Fulton Beer – There’s Only One Lonely Blonde
(Minneapolis, MN) – In late spring of 2010, there were exactly zero blonde ales being brewed and distributed in Minnesota. Fulton Brewing had just launched with Sweet Child of Vine in late 2009, and didn’t have the capacity to brew a second beer just yet. For over a year, we had been homebrewing and refining a recipe for an ale that was light in color and hopped with German noble varieties. The malt bill – consisting of 2 Row and a little Caramel 10 and White Wheat – was dialed in quickly, but the hops varieties took much longer. We iterated through 18 different versions of the recipe before landing on a flavor/aroma combination of Tettnanger and Mittelfreuh which has carried through to the present day. Brewing 5 or 10 gallons of each of those versions meant we had significant quantities of homebrewed Blonde to drink through. But it always seemed to disappear—quickly. We finally wrapped our minds around the idea that this could be Fulton’s next year-round beer.
As the only locally produced beer of the style, the name “Lonely Blonde” was a natural fit. To this day, we have internal disagreements on who came up with the name, and there are even a few apocryphal name-origin stories that circulate within the brewery from time to time. (The lesson? If you think you have a clever idea, create detailed documentation so you can prove your friends and business partners wrong over beers later on).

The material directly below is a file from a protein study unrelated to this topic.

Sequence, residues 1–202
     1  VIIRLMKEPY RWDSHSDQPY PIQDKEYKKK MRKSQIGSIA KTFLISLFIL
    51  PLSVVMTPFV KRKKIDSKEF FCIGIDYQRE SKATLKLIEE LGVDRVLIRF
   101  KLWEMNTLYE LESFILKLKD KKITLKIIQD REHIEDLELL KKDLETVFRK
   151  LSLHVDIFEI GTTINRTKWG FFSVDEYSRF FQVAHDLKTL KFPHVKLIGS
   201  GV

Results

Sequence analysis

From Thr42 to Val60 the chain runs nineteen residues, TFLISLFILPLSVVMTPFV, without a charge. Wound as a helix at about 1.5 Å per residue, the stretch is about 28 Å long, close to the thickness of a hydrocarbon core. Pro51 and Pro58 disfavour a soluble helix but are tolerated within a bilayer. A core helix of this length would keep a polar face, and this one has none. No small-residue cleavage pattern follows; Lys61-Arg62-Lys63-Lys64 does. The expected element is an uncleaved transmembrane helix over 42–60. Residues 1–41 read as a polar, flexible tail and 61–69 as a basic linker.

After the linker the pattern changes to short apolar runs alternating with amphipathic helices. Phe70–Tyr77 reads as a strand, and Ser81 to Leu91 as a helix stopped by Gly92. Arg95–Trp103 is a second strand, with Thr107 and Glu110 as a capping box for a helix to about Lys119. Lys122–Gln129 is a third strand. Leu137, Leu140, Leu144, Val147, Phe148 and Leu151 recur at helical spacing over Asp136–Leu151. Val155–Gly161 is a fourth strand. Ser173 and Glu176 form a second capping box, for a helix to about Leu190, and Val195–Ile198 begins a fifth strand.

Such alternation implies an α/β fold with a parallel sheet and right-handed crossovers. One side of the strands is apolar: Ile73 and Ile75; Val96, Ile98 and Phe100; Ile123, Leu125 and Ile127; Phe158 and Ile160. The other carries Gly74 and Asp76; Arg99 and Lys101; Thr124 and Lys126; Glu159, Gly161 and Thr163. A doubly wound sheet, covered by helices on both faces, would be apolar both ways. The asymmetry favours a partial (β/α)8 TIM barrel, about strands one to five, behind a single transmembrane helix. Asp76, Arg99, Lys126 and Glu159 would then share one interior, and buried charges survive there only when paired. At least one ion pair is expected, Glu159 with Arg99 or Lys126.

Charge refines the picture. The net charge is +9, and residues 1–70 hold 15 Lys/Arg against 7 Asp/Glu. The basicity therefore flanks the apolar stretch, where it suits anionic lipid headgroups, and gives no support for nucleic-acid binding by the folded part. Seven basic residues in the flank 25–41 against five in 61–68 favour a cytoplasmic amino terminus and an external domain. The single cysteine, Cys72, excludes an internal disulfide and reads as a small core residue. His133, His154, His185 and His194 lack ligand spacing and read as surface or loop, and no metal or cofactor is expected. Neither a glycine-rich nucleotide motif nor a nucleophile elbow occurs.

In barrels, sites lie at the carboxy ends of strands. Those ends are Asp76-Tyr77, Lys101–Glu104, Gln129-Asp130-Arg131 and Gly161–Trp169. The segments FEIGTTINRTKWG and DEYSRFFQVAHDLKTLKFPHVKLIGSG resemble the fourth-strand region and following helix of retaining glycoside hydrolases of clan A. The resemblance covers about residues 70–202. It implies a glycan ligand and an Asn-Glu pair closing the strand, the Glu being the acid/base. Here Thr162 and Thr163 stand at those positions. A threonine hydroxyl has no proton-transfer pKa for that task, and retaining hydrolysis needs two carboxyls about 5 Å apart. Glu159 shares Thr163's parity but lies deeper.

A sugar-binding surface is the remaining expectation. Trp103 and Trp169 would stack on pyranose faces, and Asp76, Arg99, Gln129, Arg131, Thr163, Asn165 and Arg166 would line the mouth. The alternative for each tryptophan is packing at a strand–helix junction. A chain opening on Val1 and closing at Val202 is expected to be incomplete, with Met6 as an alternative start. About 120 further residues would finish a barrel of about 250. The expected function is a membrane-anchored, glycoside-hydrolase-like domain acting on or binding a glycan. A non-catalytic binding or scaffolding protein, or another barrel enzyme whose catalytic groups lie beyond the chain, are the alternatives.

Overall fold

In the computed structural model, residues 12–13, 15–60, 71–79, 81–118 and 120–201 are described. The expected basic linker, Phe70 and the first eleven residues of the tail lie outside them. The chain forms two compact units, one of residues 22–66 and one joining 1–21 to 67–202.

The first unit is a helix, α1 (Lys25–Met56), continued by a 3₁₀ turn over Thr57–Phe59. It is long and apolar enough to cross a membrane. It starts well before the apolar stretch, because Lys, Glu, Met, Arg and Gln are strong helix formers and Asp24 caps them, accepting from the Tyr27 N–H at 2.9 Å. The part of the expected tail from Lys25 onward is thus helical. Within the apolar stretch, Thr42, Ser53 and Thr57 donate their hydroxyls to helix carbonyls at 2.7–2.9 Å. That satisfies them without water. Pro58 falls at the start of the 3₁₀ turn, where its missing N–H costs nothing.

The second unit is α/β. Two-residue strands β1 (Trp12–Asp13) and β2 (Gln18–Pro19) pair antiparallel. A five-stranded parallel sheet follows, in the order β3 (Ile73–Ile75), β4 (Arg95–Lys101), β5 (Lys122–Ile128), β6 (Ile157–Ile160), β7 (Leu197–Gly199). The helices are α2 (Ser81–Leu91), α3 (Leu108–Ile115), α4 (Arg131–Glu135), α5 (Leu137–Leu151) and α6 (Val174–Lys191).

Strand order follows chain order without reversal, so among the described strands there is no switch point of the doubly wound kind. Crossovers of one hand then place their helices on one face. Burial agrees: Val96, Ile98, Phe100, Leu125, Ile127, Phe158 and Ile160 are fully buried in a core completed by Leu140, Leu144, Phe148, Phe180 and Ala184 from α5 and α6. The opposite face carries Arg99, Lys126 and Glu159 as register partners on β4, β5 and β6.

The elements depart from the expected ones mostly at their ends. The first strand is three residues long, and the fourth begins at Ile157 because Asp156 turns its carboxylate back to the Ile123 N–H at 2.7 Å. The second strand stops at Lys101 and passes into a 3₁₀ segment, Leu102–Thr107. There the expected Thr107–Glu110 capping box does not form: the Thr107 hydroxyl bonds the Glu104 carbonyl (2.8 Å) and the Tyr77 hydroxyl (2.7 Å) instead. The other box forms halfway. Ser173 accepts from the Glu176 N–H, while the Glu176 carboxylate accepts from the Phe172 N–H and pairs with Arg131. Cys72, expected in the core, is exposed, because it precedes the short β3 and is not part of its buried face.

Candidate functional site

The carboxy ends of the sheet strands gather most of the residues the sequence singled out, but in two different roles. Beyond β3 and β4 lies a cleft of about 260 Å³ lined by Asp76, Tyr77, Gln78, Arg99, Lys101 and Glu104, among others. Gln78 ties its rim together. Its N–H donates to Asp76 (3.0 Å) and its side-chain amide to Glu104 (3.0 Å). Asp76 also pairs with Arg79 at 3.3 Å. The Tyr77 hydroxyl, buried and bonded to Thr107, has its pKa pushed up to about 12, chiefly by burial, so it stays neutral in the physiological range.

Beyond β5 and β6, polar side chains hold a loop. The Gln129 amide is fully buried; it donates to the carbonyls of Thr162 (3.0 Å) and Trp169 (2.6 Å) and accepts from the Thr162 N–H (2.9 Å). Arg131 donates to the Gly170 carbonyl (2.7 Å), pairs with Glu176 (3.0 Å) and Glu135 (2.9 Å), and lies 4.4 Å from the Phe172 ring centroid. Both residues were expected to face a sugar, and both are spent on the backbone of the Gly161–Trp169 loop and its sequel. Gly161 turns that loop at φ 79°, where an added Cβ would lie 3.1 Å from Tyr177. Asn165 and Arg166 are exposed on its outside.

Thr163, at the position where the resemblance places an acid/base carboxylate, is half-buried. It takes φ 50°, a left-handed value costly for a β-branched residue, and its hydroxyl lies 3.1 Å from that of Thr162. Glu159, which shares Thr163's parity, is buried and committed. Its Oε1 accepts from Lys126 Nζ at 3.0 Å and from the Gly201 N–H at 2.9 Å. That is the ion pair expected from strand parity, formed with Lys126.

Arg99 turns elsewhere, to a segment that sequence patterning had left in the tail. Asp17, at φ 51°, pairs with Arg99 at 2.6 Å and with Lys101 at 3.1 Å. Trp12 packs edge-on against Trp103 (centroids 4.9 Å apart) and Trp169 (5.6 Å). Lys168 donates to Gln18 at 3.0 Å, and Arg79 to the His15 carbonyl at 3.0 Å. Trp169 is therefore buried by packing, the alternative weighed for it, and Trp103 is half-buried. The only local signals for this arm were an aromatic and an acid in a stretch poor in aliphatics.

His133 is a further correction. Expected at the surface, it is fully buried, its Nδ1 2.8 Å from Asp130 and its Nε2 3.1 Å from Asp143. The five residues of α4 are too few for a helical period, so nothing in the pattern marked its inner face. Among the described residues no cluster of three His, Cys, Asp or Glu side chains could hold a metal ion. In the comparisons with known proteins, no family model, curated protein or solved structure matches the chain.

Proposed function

By the time we released Lonely Blonde, we were confident we had created a very good beer, but we were less sure of the reception it would receive. At that time, the Minnesota craft beer market was a different place. There were only about 15 breweries in the state (compared to over 150 today); the first taproom wouldn’t open for almost another two years. Craft beer in Minnesota was mostly about big, hoppy IPAs and extreme stouts. We had no idea if anyone would drink a Blonde Ale; maybe we’d even get made fun of for making a “light beer” (which, for the record, Lonely Blonde is not).
As would be the case so many more times over the next seven years, we were wrong. Lonely Blonde rolled out on draft to a handful of bars and restaurants, and then a handful more. And then a few more and more. Most people thought it was just a summer seasonal at first (it wasn’t), and the volume was far behind Sweet Child of Vine, which had far exceeded our expectations out of the gate and was growing leaps and bounds. Nonetheless, Lonely Blonde kept selling more and more every month, and five years later, it quietly overtook Sweet Child of Vine as Fulton’s number one beer. Today, one of every two Fulton beers consumed is a Lonely Blonde. We were honored to receive a Bronze Medal at the Great American Beer Fest in 2015, and are even more proud of the number of times we’ve been told that Lonely Blonde is “my favorite beer.”
So, maybe Lonely Blonde isn’t so Lonely anymore – but who said that’s a bad thing?